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NOT ALWAYS ON

Nigeria’s electricity problem is burning a $100 million hole in the pockets of phone companies

AP Photo/Armando Franca
Smart phones have grown in popularity in Nigeria
This article is more than 2 years old.

Nigeria’s biggest telecommunications companies are spending close to $100 million a year on diesel fuel to keep their networks running due to the country’s poor electricity supply.

MTN, the market leader with a 43% market share, revealed it spends about $40 million annually to power its services in the country. South Africa’s MTN began operations in Nigeria in 2001 and now has 61.1 million subscribers–making Nigeria its largest market of the 21 countries it operates across Africa and the Middle East.  Given Nigeria’s severe electricity issues, the company primarily powers its numerous base stations around the country with diesel for about 20 hours daily to keep its network online.

A back-of-the-envelope calculation based on MTN’s market share implies all four of Nigeria’s national mobile networks would need to spend a combined amount between $90 million to $100 million extra on diesel to keep operations running round the clock.

Nigeria has the capacity to generate around 5,000 megawatts of electricity. In comparison South Africa with just over a third of Nigeria’s population generates around 40,000 megawatts. Even then, Nigeria’s supply is very erratic and is often far below its capacity.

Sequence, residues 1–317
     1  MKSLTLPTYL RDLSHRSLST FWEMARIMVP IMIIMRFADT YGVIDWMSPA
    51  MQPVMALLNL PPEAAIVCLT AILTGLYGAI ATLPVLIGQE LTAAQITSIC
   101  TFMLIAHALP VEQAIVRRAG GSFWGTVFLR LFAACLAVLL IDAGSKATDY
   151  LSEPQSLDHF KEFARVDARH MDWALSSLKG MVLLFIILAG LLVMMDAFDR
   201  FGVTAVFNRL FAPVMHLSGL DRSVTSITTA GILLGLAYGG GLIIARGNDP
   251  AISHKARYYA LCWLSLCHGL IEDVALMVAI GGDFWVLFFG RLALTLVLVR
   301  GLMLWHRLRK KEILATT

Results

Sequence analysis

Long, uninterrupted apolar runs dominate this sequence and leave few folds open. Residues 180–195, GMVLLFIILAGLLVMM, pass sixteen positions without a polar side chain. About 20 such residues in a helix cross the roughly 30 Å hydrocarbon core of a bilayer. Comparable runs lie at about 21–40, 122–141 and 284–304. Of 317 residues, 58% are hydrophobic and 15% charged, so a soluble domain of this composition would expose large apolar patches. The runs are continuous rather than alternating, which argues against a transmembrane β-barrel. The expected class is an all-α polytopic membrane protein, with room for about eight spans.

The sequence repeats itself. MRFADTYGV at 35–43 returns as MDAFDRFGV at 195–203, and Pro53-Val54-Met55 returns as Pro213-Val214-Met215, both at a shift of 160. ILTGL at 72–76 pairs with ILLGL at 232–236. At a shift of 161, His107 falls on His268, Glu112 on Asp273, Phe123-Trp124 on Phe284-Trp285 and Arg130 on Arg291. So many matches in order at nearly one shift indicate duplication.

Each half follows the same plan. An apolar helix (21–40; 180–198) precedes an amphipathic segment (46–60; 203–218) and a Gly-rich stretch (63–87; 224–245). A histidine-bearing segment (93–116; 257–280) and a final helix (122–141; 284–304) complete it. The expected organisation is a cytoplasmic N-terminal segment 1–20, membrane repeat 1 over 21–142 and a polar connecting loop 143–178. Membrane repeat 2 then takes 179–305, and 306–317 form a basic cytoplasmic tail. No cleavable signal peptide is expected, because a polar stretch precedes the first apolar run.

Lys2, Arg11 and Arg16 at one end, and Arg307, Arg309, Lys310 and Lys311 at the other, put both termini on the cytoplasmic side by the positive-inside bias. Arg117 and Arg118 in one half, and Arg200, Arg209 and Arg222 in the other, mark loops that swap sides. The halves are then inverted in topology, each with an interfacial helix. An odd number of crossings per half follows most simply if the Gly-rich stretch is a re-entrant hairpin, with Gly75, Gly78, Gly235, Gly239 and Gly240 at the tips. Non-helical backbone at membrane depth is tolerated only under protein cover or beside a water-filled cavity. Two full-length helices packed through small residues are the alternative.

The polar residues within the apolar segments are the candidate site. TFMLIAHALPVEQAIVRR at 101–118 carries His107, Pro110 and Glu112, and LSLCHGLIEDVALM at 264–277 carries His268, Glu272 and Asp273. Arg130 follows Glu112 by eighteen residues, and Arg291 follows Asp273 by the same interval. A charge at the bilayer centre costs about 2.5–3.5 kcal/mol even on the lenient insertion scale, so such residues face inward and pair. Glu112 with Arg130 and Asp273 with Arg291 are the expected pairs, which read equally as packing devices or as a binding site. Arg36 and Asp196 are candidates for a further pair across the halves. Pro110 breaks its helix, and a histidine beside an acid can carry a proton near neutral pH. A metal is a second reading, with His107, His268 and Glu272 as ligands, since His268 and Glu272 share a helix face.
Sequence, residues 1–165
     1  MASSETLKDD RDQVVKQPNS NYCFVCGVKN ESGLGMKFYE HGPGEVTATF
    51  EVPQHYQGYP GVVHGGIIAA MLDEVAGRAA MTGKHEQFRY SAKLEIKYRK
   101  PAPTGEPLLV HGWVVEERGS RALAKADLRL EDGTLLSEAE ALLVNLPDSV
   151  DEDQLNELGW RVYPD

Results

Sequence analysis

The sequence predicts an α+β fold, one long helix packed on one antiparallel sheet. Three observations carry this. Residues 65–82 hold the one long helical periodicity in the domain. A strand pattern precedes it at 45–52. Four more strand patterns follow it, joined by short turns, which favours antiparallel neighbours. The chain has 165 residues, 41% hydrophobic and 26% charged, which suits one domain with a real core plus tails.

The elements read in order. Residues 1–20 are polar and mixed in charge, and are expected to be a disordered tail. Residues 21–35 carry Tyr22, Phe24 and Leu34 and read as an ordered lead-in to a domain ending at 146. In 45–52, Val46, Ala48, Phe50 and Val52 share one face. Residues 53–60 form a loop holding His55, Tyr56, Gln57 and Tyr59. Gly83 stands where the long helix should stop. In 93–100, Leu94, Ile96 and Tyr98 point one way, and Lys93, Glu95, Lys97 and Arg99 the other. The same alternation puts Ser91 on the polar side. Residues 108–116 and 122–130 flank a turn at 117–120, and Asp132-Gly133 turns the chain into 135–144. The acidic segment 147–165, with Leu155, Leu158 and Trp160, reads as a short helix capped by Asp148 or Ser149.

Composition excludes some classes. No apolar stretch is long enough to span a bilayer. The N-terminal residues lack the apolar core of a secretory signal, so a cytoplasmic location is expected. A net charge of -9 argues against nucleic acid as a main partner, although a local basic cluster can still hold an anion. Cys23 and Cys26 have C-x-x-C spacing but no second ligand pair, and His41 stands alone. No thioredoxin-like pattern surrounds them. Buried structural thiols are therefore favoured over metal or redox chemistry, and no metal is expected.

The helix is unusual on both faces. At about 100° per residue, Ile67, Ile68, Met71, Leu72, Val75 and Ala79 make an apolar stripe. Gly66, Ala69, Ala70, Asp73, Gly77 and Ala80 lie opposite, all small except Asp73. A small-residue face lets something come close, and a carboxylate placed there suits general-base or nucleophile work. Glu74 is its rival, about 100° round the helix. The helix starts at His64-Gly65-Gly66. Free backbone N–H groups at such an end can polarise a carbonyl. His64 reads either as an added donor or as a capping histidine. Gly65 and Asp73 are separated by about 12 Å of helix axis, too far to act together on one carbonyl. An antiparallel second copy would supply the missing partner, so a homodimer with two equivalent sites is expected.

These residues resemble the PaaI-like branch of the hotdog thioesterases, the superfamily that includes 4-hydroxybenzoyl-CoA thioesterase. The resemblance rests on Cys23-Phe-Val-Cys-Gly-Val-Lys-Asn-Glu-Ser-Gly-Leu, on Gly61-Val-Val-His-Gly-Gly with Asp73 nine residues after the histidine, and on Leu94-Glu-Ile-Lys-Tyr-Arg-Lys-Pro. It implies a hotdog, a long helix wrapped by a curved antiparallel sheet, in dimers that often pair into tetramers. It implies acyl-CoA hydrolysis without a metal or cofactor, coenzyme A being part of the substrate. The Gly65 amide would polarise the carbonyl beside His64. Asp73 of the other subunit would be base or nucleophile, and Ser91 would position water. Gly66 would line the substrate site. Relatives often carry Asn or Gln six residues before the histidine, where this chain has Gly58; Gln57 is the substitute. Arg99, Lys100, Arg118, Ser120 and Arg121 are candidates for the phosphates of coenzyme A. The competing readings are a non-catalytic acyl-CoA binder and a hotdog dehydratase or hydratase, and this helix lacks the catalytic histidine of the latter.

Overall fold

The lack of power in Nigeria has meant businesses run up high operating costs that affect everything from transportation to renting office space. The country is still in transition from a public electricity service to privatized generating and distributing companies, a process that was finalized two years ago.

The scale of the problem was highlighted in May, when MTN and Airtel (the No.3 operator)  both curtailed services as the country’s economy almost shut down in one of the its worst fuel crises.

MTN’s high power bill in Nigeria, which is says accounts around 60% of its operating costs, could have been deployed in other critical areas such as network expansion in the country said an executive. But with the company spending more in Nigeria than it spends in any other country it is forced to focus more on keeping its services running by ensuring base stations remain powered across the country.

Nigeria’s other telecommunications companies, despite having a smaller subscriber base than MTN’s, also feel the burden of high costs. Globacom, with the second highest market share (21%) in the industry, based on MTN’s stated expenses could be spending in the region of $20 million. Similarly, Airtel with market share which is marginally smaller (20%) than Globacom’s could be spending around the same amount. Etisalat, with the smallest market share (15%), are likely spending less than $15 million. In total, Nigeria’s electricity problems could be costing its biggest telecommunications companies close to $100 million annually.

In part because of Nigeria’s large population, the country is seen as one of the key markets for bringing the ‘next billion’ people online–primarily via mobile devices. All the local networks have made progress in marketing mobile data services but services are probably not as robust as they could be due to under-investment.

These high costs are inevitably damaging these companies’ operating profit margins as Lagos-based economist, Tunji Andrews says ‘these costs, which may have been bearable in the early growth stages of these companies, have become a burden weighing heavily on their books’.

Telecommunications remains a major sector in the Nigerian economy.  Data from the Nigerian National Bureau of Statistics shows the industry contributed $6.7 billion to the country’s GDP in the first quarter of 2015.

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